Deadheading is another well known term about this matter. Again free but with some differences compared to Jumpseating.
Deadheading is considered active duty and is included in the duty hours of the pilot at the end of the month and year. When the company needs the pilot in a different place to operate a flight they “make” the pilot jumpseat for free.
The difference between Deadheading and Jumpseating is that deadheading is for the benefit of the company while Jumpseating is for the benefit of the pilot.
Do Pilot’s Families Fly For Free?
Family members of a pilot don’t always get to fly for free, but they do get heavily discounted tickets or tickets with only a small fee. Family members can be issued either a Standby Ticket where they fly if there is room or a Confirmed Ticket where they are guaranteed a seat.
The way to get tickets for family and friends is the same as described above in the Standby – Confirmed tickets section.
Again, Standby tickets are unlimited but confirmed tickets are available for a limited amount. This number differs from company to company but some airlines provide crew members with a limited amount of charge free tickets for each pilots family.
Can Pilot’s Fly Free On Any Airline?
Pilots only get to fly for free within their own airline or sister airlines. When flying on other airlines they will have to pay a small fee and it will lamost always be a standby ticket where they can only fly if there is a free seat. If the flight is full they have to wait for the next flight.
If the company is member of an airline alliance then the pilot can get tickets in a discounted price for him and his family but those tickets are mostly standby tickets and the confirmed tickets option is not available.
To find out more about Airline Alliances please check out our article here:
How Do Pilot’s Get Discounted Flights?
To fly for cheap pilots have to apply for a ticket from their employer. They will then be given either a ‘Standby’ ticket where they fly if there is room, or get given a ‘Confirmed’ ticket which guarantees a seat on a particular flight. Pilots pay a small fee to cover charges.
When it comes to tickets for their staff and crew every airline has the roughly the same policy. This inludes two categories of ticket:
- Standby Tickets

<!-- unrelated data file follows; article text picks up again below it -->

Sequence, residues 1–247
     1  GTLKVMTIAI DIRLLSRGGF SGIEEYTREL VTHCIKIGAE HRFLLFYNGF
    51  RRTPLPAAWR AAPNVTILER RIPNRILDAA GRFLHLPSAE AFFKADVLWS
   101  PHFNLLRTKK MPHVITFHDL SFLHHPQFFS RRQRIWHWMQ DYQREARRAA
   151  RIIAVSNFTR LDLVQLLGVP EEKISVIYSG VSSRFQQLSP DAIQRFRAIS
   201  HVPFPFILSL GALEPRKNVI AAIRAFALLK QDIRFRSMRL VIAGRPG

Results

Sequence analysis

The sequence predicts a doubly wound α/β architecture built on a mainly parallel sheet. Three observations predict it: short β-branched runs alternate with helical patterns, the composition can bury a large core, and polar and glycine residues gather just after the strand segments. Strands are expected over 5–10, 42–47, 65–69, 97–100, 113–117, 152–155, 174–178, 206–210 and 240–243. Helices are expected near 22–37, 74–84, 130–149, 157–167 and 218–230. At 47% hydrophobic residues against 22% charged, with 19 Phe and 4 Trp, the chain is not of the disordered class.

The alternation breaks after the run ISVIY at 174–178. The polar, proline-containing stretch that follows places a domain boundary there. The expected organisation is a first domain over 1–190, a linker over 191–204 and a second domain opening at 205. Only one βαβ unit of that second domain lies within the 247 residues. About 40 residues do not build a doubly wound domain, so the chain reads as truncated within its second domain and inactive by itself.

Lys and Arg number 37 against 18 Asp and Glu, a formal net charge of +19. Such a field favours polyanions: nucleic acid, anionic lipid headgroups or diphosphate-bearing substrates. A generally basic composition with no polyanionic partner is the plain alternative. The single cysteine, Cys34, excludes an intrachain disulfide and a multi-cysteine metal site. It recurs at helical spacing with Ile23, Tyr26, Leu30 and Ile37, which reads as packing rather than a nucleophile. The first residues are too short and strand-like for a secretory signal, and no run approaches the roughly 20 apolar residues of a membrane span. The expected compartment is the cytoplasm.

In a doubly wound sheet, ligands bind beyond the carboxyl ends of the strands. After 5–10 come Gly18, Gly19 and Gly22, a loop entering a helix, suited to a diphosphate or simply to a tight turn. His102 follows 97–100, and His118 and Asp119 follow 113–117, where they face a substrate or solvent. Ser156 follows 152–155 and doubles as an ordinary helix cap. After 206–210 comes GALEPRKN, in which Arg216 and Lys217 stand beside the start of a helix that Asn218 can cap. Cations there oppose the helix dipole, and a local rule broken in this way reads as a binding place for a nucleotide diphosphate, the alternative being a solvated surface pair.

- Confirmed Tickets
Standby tickets are those that a pilot can buy paying a very small amount of money to cover some of the taxes and the airport fees. These tickets are called standby because if the flight is overbooked and every revenue passenger arrives, there won’t be any seat available for the pilot or any crew member with a standby ticket. Most of the time there are always 1 or 2 free seats so it should not be a problem.
Standby tickets are available for every flight and there is no limit on how many each pilot can get.
Confirmed tickets work pretty much in the same manner as the standby tickets but in this case the fee paid is slightly higher. The big difference, as you can imagine is that there is an available seat for the pilot that bought the ticket and the pilot is going to be included in the seating plan.
Pilots usually get a limited amount of confirmed tickets and most of them are outside of the busy periods of the year.
Do Pilots Get Discounts or Benefits?
Pilots are considered airport staff and the company ID card or the Airport ID card is sufficient for a pilot to get discounts on the duty free store, or food and drinks at the airport cafeterias and restaurants.This discount varies between 10% and as much as 70%.
One of the biggest benefits pilots get is discounts in hotels and airbnbs. Most companies are offering discounts on hotels for their staff members using the company ID card at the check in of the hotel. Usually there’s a dedicated website within the airline that staff members have access to and can book hotel rooms pretty much anywhere in the world and in the places the airline flies to and from.
Most of these hotels are in the vicinity or close vicinity of the airport so the pilot can have easy access to the airport.
Try These Articles:
* What Do Pilots Do Between Flights? A Pilot Explains
* Can Passengers Visit the Airplane Cockpit?